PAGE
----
Over the years, we’ve collected a few answers to the question, “what does Thanksgiving mean to you?” Age and lifestyle are often the two factors that define what Thanksgiving means to some Canadians. For example –

“It’s another vacation day to look forward to. Canada has very few holidays compared to the US, so Canadian Thanksgiving to me means I get to sleep in and not have to go to work!” (Mark, 31 years old, computer programmer)

“I dread Canadian Thanksgiving every year. My husband and I got divorced on that day and there’s this awful sense of dread when October sets in. Naturally I’ve stopped celebrating it now.” (Gilda, 48 years old, housewife)

“Grandpa and grandma always invite us to their house. Grandpa knows how to catch a turkey. He shoots one a few days before Thanksgiving, then we eat it for like 3 days.” (Jason, 6 years old, primary schooler)

“Oh, it means turkey time. The table gets a real nice and fancy tablecloth, the staff are friendlier, and we have entertainment – like a piano player came last year and the year before that, they hired a magician. Then they make us wear these hats and we eat with them hats. Hard to concentrate on your cranberries when these hats keep falling off. I always hope that my son comes and visit, but he’s busy and travels a lot.” (Wilma, senior citizen in a nursing home)

“Actually, we don’t celebrate it at all. We don’t go all out when it comes to food and celebrating like the Americans. I spend Thanksgiving by thinking of something I’m especially grateful for, and that’s it!” (Jen, 25 years old, nurse)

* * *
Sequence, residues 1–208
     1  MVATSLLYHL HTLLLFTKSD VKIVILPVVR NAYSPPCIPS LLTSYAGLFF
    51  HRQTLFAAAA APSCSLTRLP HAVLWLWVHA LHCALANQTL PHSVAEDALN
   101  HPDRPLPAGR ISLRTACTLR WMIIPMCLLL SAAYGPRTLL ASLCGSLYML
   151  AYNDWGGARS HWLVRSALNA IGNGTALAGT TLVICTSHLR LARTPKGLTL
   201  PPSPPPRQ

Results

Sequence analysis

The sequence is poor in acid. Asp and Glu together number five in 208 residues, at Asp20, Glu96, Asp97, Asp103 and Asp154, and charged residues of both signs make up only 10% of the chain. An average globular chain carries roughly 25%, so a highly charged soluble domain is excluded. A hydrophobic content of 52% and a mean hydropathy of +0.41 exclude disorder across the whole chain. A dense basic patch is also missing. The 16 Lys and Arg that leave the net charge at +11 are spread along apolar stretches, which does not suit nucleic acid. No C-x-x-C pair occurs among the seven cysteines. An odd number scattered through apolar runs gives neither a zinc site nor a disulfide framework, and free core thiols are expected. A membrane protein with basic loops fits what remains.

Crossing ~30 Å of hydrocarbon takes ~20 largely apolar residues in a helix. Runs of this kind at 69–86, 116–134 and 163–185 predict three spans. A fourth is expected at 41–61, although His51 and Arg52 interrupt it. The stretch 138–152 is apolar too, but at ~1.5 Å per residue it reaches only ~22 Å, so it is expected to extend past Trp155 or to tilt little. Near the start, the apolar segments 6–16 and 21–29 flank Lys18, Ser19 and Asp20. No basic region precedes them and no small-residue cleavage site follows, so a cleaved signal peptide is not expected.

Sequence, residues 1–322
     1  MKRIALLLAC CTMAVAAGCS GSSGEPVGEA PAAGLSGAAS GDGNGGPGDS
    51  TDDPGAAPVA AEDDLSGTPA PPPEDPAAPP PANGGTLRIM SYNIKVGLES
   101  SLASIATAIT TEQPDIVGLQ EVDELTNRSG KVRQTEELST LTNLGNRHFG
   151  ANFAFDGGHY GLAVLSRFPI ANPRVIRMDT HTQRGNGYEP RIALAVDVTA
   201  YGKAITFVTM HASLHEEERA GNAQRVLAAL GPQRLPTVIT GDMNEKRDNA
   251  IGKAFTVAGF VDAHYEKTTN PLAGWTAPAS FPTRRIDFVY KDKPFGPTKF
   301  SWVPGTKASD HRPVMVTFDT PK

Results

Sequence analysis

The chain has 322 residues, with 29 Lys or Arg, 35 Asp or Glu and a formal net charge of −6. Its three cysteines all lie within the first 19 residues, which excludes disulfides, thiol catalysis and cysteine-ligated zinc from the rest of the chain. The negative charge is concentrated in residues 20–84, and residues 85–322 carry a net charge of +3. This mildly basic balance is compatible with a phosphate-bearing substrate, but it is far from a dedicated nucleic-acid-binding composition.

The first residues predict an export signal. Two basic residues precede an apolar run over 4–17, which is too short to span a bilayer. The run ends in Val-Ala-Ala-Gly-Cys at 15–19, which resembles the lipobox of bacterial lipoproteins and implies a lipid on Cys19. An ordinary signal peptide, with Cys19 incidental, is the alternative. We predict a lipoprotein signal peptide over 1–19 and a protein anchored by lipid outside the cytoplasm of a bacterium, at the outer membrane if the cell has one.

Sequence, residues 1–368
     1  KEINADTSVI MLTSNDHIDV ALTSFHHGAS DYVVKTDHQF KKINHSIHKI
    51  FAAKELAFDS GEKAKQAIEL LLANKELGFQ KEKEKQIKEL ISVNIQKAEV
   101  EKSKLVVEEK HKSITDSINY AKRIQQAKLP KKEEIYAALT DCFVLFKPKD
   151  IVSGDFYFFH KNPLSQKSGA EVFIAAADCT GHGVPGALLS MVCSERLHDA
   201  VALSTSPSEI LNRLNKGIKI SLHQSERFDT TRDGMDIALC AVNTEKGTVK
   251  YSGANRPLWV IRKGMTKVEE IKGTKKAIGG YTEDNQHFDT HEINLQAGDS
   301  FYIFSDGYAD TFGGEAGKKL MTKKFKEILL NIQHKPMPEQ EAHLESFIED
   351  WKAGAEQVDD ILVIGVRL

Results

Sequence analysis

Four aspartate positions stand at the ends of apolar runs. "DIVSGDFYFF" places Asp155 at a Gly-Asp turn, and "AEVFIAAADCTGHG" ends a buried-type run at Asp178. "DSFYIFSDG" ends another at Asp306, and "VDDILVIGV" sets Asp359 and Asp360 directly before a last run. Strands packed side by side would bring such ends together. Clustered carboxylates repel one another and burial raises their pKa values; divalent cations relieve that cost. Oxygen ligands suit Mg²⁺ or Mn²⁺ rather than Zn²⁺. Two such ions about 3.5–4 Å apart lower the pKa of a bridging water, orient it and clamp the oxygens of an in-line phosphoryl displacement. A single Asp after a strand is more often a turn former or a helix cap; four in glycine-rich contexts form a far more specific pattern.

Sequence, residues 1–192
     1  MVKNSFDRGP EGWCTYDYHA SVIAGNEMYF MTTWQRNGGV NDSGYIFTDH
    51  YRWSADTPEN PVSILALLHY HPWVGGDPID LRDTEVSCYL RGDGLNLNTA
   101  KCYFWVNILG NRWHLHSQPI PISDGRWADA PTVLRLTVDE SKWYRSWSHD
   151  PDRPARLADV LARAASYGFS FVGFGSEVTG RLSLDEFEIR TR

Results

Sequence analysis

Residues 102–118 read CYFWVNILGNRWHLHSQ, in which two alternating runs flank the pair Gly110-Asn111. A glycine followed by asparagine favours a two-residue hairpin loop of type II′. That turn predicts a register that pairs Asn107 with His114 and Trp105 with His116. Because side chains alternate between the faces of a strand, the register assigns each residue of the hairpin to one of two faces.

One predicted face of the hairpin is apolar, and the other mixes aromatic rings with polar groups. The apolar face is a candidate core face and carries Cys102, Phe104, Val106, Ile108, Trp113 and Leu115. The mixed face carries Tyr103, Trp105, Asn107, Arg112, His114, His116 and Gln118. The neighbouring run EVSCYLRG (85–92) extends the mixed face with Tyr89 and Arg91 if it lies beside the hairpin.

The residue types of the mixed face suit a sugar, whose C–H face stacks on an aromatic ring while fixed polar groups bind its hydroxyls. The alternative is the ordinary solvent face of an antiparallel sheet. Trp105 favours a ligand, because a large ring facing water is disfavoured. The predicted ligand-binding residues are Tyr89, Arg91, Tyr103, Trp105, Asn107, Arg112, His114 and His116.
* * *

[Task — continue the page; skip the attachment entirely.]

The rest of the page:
“My parents are active in the community and run a large business. They get invited to social functions, but they make it a point to be with just family on Thanksgiving Day. We have the grandparents, cousins, uncles and aunts, nieces and nephews. My parents arrange for special catering. The whole clan gets to enjoy a lavish dinner. Mom and dad are what you would call “proud Canadians” and they remind us every year that we should be grateful for being Canadians living in Canada.” (Brett, 18 years old, in university in Ontario)

Saying thanks…

The traditional Canadian Thanksgiving was meant to give thanks for a good harvest, but times have changed and millions of Canadians now live in cities, not in farms. What are some of the things we should be grateful for as Canadians?

  • that in spite of two official cultures and languages, we have learned to live in harmony without starting wars and riots;
  • that our banks and real estate have remained solid, despite what’s happening across the border;
  • that we have plenty of water and plenty of hydro-electric power such that we can sell electricity to some parts of the US;
  • that our crime rate is low compared to our countries;
  • that our environment is finally getting the attention it deserves;
  • that it doesn’t cost us an arm and a leg to get an education (our sister has a kid in university in New York: tuition for the first year – US$52,000 – that does not include room and board, books, and other expenses)
  • that we have socialized medicine
  • that we have beautiful lakes, parks and rivers – which other nations envy
  • that the Trans-Canada highway links all Canadians living in the provinces and territories and has shrunk this big country into a global village
  • that we have maple trees, maple syrup and maple candy and that we have great food and drink even if some people in other parts of the world aren’t aware of it;
  • that we put a high premium on acts of bravery and heroism, Olympic champions, dance/song/film talent and community service
  • that we have freedom of religion, of speech, of association and the right to travel
  • that we’ve kept our sense of humor in spite of the atrocious winters we have.